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Distributed for University of Wales Press

Indian Science Fiction

Patterns, History and Hybridity

Distributed for University of Wales Press

Indian Science Fiction

Patterns, History and Hybridity

Indian Science Fiction draws on postcolonial theory, science fiction criticism, utopian studies, genre theory, Western and Indian philosophy, and history to argue that Indian science fiction functions at the intersection of Indian and Western cultures. Suparno Banerjee deploys a comparative approach in examining the multilingual science-fiction traditions of India in order to trace the overarching evolutions of the genre. He complements this study with an analysis of specific patterns of hybridity in the genre’s formal and thematic elements. The book analyzes Indian science fiction’s use of alterity in its deployment of time, space, and characters, as well as the epistemologies that ground its world-building, and ultimately Banerjee shows that in all of these intrinsic elements Indian science fiction reveals inherent cultural intersectionality—mostly between India and the West, but also among the diverse cultures of India itself. Indian Science Fiction demonstrates that despite the linguistic and cultural diversity of the Indian science fiction traditions larger patterns and connections are visible and can offer valuable insights.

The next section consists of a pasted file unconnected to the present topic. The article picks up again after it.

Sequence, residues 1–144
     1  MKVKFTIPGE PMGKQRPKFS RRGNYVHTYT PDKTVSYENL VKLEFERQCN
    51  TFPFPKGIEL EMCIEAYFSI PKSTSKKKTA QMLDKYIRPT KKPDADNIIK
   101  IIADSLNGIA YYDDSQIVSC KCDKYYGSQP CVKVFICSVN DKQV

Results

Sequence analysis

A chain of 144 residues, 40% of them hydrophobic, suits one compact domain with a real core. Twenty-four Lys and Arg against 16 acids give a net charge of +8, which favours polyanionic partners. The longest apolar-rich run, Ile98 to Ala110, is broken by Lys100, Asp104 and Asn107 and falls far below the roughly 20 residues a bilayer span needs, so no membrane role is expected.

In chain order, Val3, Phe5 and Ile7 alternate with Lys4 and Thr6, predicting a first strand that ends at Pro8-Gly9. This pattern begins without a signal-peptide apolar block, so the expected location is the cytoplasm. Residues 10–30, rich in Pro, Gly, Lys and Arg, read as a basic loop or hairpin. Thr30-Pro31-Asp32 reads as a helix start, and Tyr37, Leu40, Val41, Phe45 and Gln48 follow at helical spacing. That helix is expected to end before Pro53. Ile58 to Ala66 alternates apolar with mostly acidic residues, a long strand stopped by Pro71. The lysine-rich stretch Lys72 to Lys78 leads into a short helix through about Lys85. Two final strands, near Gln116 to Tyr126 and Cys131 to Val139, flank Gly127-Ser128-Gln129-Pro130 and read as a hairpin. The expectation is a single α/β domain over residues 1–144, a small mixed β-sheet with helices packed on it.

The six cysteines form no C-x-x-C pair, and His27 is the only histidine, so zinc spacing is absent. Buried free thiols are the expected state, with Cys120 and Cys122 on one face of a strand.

272 pages | 5 1/2 x 8 1/2

New Dimensions in Science Fiction


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“Suparno Banerjee’s excellent scholarship on the daunting topic of the history of science fiction on the Indian subcontinent will set the agenda for studies of Indian science fiction for years to come.”


John Rieder, University of Hawai‘i at Manoa

“Banerjee examines a wide geographical and linguistic range of works, discussing them in erudite and crystal-clear prose.”


Joan Gordon, Nassau Community College and editor of Science Fiction Studies

“This book is not only a beautifully written, meticulously researched, and cogently argued resource for scholars of science fiction, but also a boon to Indian science fiction writers who wish to learn about, be influenced by, and engage with our own literary history. Reading this book is a profoundly decolonising experience!”

Vandana Singh, author of Ambiguity Machines and Other Stories

“With erudition, rigor, and style, the author makes a major contribution to the increasingly important study of global science fiction. Probably for a long time to come, this volume will be the standard work on the vast but hitherto much neglected field of Indian science fiction.”


Carl Freedman, Louisiana State University and author of Critical Theory and Science Fiction

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